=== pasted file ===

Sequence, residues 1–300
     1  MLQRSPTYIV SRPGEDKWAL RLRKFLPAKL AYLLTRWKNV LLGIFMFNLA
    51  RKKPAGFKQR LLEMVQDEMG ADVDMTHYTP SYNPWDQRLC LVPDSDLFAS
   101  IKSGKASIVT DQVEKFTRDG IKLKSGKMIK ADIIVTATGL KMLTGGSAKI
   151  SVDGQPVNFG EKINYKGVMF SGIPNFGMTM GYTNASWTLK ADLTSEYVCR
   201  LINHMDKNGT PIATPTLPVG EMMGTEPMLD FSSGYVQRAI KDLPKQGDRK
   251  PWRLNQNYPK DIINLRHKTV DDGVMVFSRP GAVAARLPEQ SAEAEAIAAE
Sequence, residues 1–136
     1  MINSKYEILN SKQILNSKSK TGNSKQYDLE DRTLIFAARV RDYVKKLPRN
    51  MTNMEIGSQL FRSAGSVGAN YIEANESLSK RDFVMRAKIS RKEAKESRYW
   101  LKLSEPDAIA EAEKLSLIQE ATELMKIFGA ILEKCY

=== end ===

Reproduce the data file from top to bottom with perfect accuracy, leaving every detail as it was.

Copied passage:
Sequence, residues 1–300
     1  MLQRSPTYIV SRPGEDKWAL RLRKFLPAKL AYLLTRWKNV LLGIFMFNLA
    51  RKKPAGFKQR LLEMVQDEMG ADVDMTHYTP SYNPWDQRLC LVPDSDLFAS
   101  IKSGKASIVT DQVEKFTRDG IKLKSGKMIK ADIIVTATGL KMLTGGSAKI
   151  SVDGQPVNFG EKINYKGVMF SGIPNFGMTM GYTNASWTLK ADLTSEYVCR
   201  LINHMDKNGT PIATPTLPVG EMMGTEPMLD FSSGYVQRAI KDLPKQGDRK
   251  PWRLNQNYPK DIINLRHKTV DDGVMVFSRP GAVAARLPEQ SAEAEAIAAE
Sequence, residues 1–136
     1  MINSKYEILN SKQILNSKSK TGNSKQYDLE DRTLIFAARV RDYVKKLPRN
    51  MTNMEIGSQL FRSAGSVGAN YIEANESLSK RDFVMRAKIS RKEAKESRYW
   101  LKLSEPDAIA EAEKLSLIQE ATELMKIFGA ILEKCY